In the spring of 1861, Davis and his family lived in the First White House of the Confederacy, in Montgomery, while the Confederate government was being formed.

When the government moved to Richmond, the Davises left Montgomery and lived during the remainder of the war in the Executive Mansion in Richmond.

The historic last home of Davis was Beauvoir on the Miss gulf coast in Biloxi. There he wrote "The Rise & Fall of the Confederate Government". House and grounds are restored and the Presidential Library, destroyed by Hurricane Katrina, was reopened June 3, 2013.

Sunday, June 9, 2013

Rober t E. Lee's Daughter's Trunks Discovered

On May 19 I blogged about Mary Custis Lee's connection to the First White House of the Confederacy, with the generous gift by friends of her marvelous Secretary/Desk/Bookcase which we placed in the President's study.
White House friends from Oregon saw the blog and sent us an article from the Washington Post, Dec. 2002, saying that more than 80 years after her death, two steamer trunks full of her papers and travel souvenirs were found in a bank vault in Alexandria, Va.
What a marvelous find! Everything in the trunks was Lee related, and included family letters, pictographs, clippings of her father's obituary, strands of hair from royalty collected on her European trips, and other goodies.
  "There are thousands of letters in there" said Rob E. L. deButts, a Lee descendant, who was responsible for the find, as he had contacted the bank Ms. Lee used when out of the country and they had discovered the two trunks .
The contents were taken to the Virginia Historical Society in Richmond for cataloguing and preserving. I wonder what has happened since then? Wouldn't it be fun to read some of these?

Saturday, June 8, 2013

Silver Bow Now Our's - Exciting New Acquisition

On May 28th I blogged about the large silver bowl that was going to be auctioned on June 8th. This had been presented to Mrs. Jefferson Davis by the citizens of Macon, Georgia on October 25, 1887. At the ceremony that day five thousand Confederate veterans marched past, while the aging President Davis watched on and tearfully took their salute. he died two years later.
Today, dear readers, the White House Association with the assistance of  three generous donors was able to purchase this magnificent bowl! To say "excited" is not a strong enough word for how I feel, and I am deeply indebted to the Ladies of the Association and to our special donors who together have made this rare and wonderful acquisition possible.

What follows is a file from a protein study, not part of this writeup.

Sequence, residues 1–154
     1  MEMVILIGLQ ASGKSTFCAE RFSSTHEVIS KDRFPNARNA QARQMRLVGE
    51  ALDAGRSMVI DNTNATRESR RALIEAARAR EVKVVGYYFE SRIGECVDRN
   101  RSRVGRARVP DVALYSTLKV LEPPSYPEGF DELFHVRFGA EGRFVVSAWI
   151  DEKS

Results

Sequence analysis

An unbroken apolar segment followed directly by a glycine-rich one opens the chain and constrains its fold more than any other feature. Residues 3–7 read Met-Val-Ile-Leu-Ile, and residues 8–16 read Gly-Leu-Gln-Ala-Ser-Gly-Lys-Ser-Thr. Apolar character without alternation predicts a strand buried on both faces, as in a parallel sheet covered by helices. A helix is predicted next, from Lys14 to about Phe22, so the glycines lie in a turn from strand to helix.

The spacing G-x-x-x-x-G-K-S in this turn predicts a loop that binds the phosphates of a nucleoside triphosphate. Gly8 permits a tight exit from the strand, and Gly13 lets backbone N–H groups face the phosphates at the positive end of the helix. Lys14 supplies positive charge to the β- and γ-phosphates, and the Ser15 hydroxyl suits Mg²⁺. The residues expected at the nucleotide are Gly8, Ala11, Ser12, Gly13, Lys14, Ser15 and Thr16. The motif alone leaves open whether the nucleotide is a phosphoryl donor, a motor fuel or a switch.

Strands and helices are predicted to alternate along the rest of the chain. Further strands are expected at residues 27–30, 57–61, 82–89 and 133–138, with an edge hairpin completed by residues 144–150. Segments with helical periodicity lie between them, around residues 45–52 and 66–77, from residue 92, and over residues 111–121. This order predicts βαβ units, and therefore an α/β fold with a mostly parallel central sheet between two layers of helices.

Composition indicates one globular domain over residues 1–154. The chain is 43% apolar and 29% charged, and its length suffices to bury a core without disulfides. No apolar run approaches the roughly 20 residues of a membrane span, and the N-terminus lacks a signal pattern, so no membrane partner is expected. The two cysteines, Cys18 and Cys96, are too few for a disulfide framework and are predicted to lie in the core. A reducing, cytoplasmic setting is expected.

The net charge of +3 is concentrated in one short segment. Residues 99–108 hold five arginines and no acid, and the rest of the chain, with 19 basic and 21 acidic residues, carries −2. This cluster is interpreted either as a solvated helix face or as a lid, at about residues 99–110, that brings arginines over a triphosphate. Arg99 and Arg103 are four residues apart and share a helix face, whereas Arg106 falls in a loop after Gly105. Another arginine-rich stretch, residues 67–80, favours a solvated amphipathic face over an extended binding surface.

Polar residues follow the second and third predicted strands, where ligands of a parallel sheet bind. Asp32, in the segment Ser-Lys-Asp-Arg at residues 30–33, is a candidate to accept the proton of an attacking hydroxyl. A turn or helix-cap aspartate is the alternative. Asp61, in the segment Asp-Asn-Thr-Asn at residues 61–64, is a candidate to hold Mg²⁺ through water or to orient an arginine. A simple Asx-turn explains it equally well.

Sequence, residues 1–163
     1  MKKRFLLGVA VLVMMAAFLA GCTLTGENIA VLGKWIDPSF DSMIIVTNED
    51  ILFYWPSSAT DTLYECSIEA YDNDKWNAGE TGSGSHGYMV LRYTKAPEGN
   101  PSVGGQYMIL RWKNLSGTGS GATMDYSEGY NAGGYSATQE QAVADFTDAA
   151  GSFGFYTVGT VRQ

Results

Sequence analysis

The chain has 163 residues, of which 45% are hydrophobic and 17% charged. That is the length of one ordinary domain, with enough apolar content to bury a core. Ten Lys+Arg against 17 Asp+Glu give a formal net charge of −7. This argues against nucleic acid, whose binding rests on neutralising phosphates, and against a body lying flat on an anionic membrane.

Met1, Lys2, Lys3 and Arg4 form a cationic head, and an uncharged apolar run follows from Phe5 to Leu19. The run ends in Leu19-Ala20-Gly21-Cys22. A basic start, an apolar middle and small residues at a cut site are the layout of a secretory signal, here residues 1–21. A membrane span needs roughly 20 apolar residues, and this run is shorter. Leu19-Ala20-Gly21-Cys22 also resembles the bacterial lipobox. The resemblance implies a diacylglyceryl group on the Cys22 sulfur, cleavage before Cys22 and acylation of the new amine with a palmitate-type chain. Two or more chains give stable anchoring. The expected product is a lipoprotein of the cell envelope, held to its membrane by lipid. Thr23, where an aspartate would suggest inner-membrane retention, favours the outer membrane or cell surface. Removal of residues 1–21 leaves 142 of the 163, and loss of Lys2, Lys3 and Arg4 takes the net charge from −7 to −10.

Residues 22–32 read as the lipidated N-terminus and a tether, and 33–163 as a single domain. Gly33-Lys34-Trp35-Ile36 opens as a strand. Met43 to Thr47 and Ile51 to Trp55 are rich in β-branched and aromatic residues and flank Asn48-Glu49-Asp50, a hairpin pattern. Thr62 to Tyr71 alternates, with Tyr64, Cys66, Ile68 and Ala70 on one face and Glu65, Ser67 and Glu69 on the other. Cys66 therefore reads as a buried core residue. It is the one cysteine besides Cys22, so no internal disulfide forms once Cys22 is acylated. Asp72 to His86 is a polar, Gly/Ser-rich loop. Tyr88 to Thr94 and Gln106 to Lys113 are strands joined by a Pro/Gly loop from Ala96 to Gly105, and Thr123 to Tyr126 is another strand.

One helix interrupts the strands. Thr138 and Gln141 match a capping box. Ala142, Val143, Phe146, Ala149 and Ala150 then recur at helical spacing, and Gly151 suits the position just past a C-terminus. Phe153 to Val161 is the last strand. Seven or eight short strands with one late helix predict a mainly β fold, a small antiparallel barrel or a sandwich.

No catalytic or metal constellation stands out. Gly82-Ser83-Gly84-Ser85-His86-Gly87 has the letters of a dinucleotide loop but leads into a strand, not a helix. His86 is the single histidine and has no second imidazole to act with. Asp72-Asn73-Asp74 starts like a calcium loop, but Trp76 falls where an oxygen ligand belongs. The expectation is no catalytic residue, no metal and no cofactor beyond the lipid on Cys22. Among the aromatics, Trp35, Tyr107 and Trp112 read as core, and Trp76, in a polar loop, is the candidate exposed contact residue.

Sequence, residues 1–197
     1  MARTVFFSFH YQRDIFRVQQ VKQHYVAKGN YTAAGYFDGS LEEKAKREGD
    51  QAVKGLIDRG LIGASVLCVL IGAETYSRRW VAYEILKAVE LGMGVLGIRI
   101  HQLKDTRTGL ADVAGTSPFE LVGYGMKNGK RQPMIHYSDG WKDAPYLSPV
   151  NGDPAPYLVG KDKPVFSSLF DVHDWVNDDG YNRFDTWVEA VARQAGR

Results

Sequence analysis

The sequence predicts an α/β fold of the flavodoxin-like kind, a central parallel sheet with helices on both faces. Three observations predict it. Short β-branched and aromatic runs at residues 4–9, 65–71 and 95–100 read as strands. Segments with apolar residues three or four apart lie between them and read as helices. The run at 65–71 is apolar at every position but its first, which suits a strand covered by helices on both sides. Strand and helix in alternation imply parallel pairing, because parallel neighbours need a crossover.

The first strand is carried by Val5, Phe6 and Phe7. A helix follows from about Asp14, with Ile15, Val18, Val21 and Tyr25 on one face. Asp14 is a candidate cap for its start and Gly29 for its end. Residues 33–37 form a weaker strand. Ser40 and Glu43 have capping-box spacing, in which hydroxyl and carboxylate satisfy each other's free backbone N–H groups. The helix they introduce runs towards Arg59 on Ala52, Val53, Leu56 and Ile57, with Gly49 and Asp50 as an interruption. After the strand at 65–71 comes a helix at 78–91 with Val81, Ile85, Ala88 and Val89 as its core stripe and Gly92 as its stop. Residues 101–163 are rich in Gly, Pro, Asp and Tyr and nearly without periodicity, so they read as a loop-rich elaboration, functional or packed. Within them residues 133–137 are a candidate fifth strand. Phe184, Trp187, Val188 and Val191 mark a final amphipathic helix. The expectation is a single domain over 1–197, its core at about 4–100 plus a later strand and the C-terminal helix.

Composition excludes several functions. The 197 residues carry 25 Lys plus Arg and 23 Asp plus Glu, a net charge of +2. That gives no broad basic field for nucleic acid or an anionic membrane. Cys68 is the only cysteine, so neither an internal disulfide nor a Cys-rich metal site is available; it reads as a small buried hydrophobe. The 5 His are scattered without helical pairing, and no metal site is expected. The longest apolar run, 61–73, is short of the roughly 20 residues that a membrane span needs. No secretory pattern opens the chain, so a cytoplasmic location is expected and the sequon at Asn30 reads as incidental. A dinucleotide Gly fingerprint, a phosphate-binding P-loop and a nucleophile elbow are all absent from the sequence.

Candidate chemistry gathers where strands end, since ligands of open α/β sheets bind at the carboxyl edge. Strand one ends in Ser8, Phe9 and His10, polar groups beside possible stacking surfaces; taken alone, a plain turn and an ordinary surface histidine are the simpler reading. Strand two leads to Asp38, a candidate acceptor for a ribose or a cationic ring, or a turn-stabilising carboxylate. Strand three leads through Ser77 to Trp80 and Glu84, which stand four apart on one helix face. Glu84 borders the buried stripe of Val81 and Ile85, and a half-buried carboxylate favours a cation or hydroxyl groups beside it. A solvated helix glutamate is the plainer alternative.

The bowl had an honored place in the Davis home until it was inherited by his daughter. It has been obtained directly from lineal descendants of Jefferson and Varina. And as one of our member's husband said, "we may never have a chance to get something this good again"!!!
The First White House of the Confederacy is certainly the richer for it, as it will be enjoyed and treasured for years to come by all who see it. We plan to  have an unveiling for it once we have it in our possession.

Friday, June 7, 2013

Second Fredericksburg and Salem Churc 1863

A new book, Chancellorsville's Forgotten Front, tells the story of the battles of Second Fredericksburg and Salem Church, May 3, 1863, and the central roles they played in Lee's final Southern victory.
Authors Chris Mackowski and Kristopher D. White have long appreciated how close the Southern army came to grief and the Union to stunning success and have now written about it.
The tale they weave tells of how Lee's triumph played out as it did because of Salem Church-Chancellorsville's forgotten front-where Union soldiers once more faced the horror of an indomitable wall of stone and an undersized Confederate division stood up to a Union juggernaut.
I can't wait to read about our last great success. I get so tired and discouraged reading of Confederate losses and near misses, and how our Generals generally messed up. This will be a bright spot!

Monday, June 3, 2013

205th Birthday of Jefferson Davis

Today, June 3, 2013 at the First White House of the Confederacy the White House Association and guests commemorated the 205th anniversary of the birth of Jefferson Davis.
Our guest speaker was Jay Hinton, who brought a stirring and thought provoking address in which he spoke in first person as Robert E Lee, quoting remarks Lee had made about Davis.
Here is what Lee wrote about Davis after his release from his long confinement at Fort Monroe: "...Your release has lifted a load from my heart which I have not words to tell, and my daily prayer to the great Ruler of the world is that He may shield you from all future harm, guard you from all evil, and give you the peace which the world cannot take away. That the rest of your days may be triumphantly happy so the sincere and earnest wish of your most obedient, faithful friend and servant."
Jay ended his remarks by saying, again as General Lee, "It is said that some lives are linked across time connected by an ancient calling that echoes through the ages. Mine was graciously linked to my friend Jefferson Davis. Happy birthday, Mr. President."